Insurer’s huge data exposure draws charges from New York state
New York regulators have charged an insurer with violating state cybersecurity law for allegedly exposing hundreds of millions of documents that included Americans’ personal data, including Social Security numbers and financial information.
The New York State Department of Financial Services announced legal action Wednesday against the First American Title Insurance Company, the second-largest real estate title insurer in the U.S. The company is accused of exposing customers’ Social Security numbers, bank account information, driver’s license numbers and mortgage and tax records through a software vulnerability that went undetected between May 2014 and December 2018. Upon discovering the flaw during a routine security test, the insurance company failed to fix it, DFS alleged.
“After the data exposure was discovered by an internal penetration test in December 2018, First American failed to conduct a reasonable investigation into the scope and cause of the exposure, reviewing only 10 of the millions of documents exposed and thereby grossly underestimating the seriousness of the vulnerability,” state regulators said in a statement.
First American said it “strongly disagrees” with the charges in a statement Wednesday.
The vulnerability in First American’s website exposed roughly 885 million files, KrebsOnSecurity first reported last year. A real estate developer who uncovered the issue told KrebsOnSecurity that anyone with access to a section of the First American website could modify the URL, then view a huge number of other documents.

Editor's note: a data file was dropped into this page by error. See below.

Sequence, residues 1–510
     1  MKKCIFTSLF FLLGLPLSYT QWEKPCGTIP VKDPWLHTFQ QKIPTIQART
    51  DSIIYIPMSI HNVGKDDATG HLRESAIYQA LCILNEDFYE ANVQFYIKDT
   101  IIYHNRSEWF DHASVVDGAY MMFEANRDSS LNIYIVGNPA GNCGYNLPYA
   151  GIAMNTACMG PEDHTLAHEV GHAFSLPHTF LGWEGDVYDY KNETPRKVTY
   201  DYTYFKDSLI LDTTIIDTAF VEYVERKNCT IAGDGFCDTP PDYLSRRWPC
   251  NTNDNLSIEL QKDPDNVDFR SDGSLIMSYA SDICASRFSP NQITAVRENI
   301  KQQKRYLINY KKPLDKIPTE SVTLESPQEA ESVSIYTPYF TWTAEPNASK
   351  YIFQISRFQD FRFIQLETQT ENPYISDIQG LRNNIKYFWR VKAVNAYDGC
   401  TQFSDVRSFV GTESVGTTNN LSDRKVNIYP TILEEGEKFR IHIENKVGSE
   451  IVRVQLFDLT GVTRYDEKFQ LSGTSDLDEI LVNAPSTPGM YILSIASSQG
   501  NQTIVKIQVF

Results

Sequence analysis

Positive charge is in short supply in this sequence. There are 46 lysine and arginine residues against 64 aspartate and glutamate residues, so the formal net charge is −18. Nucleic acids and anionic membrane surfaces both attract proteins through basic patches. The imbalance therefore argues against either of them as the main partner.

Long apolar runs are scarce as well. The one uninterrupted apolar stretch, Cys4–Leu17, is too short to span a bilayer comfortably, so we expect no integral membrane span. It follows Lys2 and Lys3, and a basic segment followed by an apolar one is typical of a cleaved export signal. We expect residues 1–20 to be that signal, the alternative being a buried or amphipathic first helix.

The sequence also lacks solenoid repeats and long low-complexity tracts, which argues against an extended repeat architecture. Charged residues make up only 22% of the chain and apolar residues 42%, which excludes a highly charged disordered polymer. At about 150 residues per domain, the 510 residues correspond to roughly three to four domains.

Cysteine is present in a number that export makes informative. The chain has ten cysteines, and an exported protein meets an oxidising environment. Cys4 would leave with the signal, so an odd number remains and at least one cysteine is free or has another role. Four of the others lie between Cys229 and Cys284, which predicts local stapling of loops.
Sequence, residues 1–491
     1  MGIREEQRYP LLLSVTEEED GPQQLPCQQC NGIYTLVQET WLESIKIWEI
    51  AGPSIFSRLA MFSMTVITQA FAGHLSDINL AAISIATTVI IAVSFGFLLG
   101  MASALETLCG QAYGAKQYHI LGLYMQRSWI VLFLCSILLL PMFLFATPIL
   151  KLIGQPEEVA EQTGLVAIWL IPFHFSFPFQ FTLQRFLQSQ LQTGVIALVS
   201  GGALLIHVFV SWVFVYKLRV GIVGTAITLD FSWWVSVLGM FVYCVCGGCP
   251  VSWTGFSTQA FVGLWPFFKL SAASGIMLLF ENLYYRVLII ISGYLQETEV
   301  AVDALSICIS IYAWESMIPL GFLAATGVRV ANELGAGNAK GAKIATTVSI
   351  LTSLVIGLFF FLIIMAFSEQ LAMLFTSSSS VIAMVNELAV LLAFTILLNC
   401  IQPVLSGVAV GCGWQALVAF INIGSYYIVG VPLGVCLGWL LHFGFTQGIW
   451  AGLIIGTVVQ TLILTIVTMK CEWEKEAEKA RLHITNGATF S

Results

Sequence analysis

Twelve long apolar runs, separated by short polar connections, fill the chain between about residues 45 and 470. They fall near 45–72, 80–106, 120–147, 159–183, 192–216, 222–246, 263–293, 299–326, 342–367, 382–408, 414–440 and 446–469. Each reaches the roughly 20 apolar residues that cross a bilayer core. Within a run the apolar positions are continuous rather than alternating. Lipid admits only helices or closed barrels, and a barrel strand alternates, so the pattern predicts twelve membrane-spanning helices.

First American said it fixed the issue following the Krebs report.
If found guilty of the DFS charges, First American could face fines of up to $1,000 for every exposed record.
The complaint marks the first enforcement of new New York rules that spell out the way financial firms operating in the state must protect data. Requirements include regular security tests, policies around device management, network monitoring and the appointment of a chief information security officer, or equivalent position, in covered entities. Given the concentration of large financial firms in New York, the state laws cover a large portion of the U.S. industry.